Vote counting continues in Iraq after a landmark referendum on the country’s new constitution.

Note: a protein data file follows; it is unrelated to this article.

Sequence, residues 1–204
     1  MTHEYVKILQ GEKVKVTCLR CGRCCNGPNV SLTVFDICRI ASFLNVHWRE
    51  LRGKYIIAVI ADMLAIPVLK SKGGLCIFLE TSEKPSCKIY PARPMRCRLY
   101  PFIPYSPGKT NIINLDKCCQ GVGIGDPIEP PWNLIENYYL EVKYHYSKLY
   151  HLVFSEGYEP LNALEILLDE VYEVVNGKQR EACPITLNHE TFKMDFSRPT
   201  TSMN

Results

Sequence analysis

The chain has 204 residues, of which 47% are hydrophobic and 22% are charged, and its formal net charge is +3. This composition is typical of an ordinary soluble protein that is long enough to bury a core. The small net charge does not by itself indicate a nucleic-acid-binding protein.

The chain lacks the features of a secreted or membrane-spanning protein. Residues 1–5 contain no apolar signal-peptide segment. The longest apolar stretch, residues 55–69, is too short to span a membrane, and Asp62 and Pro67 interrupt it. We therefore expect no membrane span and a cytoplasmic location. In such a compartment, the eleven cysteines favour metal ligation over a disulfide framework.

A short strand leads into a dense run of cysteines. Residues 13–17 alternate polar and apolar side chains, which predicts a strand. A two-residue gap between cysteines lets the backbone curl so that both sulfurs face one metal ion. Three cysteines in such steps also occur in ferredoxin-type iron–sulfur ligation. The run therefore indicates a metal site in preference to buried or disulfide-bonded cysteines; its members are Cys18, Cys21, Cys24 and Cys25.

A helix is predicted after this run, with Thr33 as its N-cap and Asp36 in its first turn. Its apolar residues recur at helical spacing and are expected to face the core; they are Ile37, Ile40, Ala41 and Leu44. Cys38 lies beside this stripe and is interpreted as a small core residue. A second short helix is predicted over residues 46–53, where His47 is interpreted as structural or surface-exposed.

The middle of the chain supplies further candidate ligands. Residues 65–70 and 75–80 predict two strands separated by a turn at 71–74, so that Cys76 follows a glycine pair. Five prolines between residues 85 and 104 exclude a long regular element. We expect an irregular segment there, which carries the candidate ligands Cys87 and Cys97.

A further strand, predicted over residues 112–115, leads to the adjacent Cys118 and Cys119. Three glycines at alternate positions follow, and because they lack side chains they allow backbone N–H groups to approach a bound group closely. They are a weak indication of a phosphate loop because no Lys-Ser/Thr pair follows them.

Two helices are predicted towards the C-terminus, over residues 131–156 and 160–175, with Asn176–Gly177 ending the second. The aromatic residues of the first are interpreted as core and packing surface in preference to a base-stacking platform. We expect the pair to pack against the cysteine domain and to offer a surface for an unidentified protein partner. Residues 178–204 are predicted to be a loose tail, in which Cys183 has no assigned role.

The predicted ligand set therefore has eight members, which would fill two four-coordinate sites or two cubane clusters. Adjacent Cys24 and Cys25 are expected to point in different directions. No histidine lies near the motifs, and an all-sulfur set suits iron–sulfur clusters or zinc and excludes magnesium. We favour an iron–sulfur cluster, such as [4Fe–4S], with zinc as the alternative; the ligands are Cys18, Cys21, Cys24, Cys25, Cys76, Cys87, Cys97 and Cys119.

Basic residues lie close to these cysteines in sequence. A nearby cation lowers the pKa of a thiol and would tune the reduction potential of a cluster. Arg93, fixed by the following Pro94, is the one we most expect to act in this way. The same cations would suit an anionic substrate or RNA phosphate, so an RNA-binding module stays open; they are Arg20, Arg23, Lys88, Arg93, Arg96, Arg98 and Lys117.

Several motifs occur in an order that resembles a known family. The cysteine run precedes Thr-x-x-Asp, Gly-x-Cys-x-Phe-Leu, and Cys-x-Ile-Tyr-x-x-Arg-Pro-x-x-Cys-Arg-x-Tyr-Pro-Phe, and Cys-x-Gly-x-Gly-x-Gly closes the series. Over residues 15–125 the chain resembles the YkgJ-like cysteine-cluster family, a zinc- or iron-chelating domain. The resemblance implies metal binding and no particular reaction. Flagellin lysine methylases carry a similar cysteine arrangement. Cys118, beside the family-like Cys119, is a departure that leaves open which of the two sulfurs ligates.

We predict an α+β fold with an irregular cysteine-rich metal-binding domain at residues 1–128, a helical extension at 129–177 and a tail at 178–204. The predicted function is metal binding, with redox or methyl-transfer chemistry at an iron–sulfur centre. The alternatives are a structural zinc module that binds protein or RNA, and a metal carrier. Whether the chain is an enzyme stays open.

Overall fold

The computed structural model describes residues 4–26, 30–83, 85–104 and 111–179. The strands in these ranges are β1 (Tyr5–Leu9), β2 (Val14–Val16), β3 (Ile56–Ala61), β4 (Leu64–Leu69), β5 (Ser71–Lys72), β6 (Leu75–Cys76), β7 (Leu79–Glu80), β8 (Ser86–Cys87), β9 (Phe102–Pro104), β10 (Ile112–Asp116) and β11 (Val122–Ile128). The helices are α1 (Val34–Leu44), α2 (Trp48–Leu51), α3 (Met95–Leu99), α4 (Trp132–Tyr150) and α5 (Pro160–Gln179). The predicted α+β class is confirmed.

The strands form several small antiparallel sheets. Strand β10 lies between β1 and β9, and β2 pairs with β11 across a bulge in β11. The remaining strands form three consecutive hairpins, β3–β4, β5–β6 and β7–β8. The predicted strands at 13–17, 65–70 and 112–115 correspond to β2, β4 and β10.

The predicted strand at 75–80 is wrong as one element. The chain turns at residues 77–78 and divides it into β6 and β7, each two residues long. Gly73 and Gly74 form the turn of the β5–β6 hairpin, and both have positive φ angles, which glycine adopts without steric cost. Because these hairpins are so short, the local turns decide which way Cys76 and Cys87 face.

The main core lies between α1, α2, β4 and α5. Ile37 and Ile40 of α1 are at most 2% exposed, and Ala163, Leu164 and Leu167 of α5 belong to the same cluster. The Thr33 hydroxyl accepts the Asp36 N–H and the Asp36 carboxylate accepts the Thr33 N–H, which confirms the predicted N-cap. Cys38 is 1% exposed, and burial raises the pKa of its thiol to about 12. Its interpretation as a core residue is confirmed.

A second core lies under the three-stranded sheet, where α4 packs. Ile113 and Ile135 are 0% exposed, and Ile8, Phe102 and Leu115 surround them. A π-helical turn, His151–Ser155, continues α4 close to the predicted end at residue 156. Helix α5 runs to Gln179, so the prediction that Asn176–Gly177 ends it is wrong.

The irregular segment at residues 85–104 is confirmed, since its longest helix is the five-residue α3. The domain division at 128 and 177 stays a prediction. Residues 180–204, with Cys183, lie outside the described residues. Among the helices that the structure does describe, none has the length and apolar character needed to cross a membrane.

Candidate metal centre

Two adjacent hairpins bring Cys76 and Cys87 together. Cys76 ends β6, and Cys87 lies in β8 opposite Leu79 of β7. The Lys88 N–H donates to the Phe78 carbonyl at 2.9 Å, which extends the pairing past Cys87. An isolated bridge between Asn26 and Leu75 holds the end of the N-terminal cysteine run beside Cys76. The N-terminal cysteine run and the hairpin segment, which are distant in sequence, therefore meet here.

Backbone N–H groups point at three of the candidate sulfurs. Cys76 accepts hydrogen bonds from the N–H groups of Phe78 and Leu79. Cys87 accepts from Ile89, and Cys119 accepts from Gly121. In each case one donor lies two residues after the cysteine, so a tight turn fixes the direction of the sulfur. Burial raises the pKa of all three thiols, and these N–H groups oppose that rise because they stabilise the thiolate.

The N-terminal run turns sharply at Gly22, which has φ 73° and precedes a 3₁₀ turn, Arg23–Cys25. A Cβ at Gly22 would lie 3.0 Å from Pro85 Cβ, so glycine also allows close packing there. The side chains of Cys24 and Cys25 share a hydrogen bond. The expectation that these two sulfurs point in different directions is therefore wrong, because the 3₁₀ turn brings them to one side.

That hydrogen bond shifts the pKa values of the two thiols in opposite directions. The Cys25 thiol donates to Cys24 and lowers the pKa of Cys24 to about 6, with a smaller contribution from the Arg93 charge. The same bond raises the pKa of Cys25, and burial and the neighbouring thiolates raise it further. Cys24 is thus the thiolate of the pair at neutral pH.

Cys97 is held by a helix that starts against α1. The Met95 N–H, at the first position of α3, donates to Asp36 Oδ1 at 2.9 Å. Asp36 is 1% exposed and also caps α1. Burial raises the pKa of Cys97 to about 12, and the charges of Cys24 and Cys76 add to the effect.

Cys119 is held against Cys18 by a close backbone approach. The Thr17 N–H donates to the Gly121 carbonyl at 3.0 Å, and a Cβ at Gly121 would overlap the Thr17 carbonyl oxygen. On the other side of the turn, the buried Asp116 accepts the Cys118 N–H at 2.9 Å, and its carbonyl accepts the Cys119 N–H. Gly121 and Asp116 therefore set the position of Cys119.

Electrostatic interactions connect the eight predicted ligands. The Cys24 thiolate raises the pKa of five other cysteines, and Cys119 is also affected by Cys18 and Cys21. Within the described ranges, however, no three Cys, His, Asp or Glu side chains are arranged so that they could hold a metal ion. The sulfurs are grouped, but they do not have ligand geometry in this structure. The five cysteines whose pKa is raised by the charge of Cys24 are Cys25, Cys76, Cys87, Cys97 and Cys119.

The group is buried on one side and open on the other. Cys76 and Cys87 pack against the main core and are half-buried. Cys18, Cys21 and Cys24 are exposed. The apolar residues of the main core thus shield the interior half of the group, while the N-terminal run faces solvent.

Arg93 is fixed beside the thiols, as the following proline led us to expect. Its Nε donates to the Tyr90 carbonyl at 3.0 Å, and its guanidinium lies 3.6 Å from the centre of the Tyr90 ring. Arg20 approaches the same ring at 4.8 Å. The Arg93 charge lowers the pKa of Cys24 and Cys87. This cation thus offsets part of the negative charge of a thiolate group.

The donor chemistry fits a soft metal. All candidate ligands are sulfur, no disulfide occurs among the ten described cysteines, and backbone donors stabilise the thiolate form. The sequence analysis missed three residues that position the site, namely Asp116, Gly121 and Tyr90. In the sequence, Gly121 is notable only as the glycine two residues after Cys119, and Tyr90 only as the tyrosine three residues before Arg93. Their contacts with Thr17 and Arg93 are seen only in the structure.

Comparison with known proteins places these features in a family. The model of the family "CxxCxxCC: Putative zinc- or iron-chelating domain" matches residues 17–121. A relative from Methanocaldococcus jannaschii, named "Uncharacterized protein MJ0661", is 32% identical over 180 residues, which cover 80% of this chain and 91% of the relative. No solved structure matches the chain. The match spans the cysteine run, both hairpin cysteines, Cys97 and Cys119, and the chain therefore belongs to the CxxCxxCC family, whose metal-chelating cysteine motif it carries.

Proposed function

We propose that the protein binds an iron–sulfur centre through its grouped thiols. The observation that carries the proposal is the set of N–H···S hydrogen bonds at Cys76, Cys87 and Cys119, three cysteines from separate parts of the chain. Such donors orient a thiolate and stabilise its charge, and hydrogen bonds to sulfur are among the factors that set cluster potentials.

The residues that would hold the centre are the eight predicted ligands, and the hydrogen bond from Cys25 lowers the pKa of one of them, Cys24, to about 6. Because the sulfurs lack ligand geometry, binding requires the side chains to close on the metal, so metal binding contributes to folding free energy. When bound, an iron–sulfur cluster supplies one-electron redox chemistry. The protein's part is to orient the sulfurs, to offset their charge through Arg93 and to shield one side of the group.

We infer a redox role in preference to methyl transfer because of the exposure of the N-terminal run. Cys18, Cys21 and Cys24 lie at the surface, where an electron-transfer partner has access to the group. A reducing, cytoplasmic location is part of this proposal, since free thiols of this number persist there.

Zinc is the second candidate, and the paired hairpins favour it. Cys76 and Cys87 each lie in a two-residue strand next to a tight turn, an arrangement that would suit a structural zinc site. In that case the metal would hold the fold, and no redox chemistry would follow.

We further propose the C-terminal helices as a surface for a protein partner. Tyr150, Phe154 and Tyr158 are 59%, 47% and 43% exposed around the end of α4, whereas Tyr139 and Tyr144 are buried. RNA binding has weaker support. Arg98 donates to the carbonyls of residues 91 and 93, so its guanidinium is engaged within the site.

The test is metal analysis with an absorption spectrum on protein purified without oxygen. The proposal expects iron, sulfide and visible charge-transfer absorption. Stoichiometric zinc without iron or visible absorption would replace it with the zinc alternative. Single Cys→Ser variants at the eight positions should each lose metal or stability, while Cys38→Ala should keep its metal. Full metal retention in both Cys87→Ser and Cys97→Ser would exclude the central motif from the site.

It is widely believed Iraqis said “yes” to the charter but final results are not expected before next week. In schools and government buildings around the country, ballots are being counted before being loaded onto lorries and taken to the capital Baghdad for a final count. Voting took place amid relative calm as security forces applied draconian safety measures following months of bloodshed by Sunni insurgents. Five US soldiers were killed in the western city of Ramadi on Saturday when their vehicle was the target of a rocket attack. US Secretary of State Condoleezza Rice, whose country backed the document, has praised the high turnout which is estimated at more than 60 percent. Iraqis questioned in the street said the vote was well organised: “Nobody forced us to say yes or no, we were able to choose,” said one man. “People from the electoral committee helped us by explaining some elements of the constitution,” said another. If the charter is passed, Iraq will go to the polls again in December to elect a new parliament. A “No” vote would force the country’s warring Shi’ite and Sunni factions back to the negotiating table, limiting December’s election to a new interim government.